Easter Seals Arc of Northeast Indiana has two new programs this summer designed for teens with disabilities.
One program is called the Dream Teen. It offers caregivers and teenagers a place to interact with other teens as well as enrichment experiences in the community. The other program, J-Top, or Job Training Opportunity Program, targets those with developmental disabilities between the ages of 14 and 21. Individuals in that program are prepped for job placement in the community, and given internship opportunities.
Things have been running very smoothly, said transitions supervising caseworker Danielle Lyons; the response from parents has been enormous.
On Thursday morning, Teens in the Dream Teen program were learning Taiko, or Japanese drumming. The exercise was led by Allison Ballard and assisted by Brittney Coughlin of the Dance Collective.
The teens were using balance balls on platforms to act as drums. The idea is to work on hand-eye coordination and memory skills and get an upper-body workout at the same time. Some of the teens had their own assistant to help them, while others paired to share one. The assistants gently guided the participant to help them pick up on the concepts. For some of the kids, remembering to straighten an arm or just soloing on their own presented a learning opportunity.
June 11 was the first day for the Dream Teens; 45-48 teens are at the camp, which ends Aug. 10. A few, those who have finished high school, will continue in the fall.
“The outings have been very successful,” said Lyons.
They have gone to the library, the parks, Three Rivers Festival, a safari zoo camp, pet shops, batting cages, the art museum, Lifetime Sports Academy, bowling and will be going to Pokagon State Park in August.
The program is split in two groups: lower and higher functioning. The lower-functioning group will go out in the community every day on field trips, come back for lunch, then go back out. The higher-functioning group stays in the building and has a set schedule that includes computer lab, junior achievement, arts and crafts, how to dress for an interview, and some exploring for colleges. The program also includes guest speakers and instruction on basic first aid. This week, the youth group from Fellowship Missionary Church has been working with the kids.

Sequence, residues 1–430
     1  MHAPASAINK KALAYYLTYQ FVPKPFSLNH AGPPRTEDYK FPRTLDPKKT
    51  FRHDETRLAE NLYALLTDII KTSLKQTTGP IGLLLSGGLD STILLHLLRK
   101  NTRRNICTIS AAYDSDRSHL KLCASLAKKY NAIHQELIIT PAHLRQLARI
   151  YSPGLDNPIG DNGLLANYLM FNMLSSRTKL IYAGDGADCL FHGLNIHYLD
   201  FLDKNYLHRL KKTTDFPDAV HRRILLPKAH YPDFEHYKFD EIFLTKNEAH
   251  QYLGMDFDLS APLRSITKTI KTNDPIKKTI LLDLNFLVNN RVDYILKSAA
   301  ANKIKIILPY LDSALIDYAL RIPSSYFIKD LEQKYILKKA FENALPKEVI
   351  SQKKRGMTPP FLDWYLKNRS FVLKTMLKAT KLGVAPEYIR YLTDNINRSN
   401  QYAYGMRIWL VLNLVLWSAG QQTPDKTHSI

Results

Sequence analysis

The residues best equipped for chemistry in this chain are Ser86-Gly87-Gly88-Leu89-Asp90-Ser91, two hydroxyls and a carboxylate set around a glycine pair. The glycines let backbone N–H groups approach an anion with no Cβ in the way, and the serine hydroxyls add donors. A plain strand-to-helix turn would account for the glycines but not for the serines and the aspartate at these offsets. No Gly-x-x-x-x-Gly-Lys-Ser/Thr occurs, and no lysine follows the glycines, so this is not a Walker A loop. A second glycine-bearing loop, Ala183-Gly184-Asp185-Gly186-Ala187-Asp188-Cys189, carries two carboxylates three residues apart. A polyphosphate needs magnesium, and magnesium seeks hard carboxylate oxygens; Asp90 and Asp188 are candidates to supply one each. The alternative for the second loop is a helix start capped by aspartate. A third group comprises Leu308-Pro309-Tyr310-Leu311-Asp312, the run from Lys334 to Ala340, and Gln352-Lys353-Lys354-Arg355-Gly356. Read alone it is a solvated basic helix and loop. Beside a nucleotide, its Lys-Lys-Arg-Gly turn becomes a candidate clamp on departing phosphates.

Jessica McBride, Arc's director of community support, said in the past the youth group has gone overseas but this year the church decided to help them gain a better understanding of kids with special needs. It has been very successful and they are planning a barbecue at the end of August.
McBride said by educating kids about children with special needs they hope to lower the number of bullying incidents that children with special needs encounter. Arc would like to develop an anti-bullying plan to take to the school systems.
J-Top program has 15 employers signed up to take on kids. So far 40 kids are signed up for the program, and of that number 20 have been placed so far.
“It has been very successful. We are gaining more businesses to take the other children,” McBride said.
McBride said they are hoping real jobs might eventually come out of these volunteer positions.
Arc will be continuing its programs into the fall. The Dream Teens will have an after-school program, 2-30-5:30 p.m. Monday-Friday, starting a week after the camp closes. There are also plans for another meeting with parents to figure out the need for the fall camp.
“It's a really great feeling to leave work every day and know that the kids and the parents are happy. I overheard a child tell his mother he had the best day of his life,” Lyons said.
“We have kids who are not verbal who have really come out of their shells,” McBride said.
They even have a boy and girl who are now calling each other boyfriend and girlfriend, McBride said, and their parents are taking them around on dates.
“This program has turned a lot of these kids into social butterflies,” McBride said.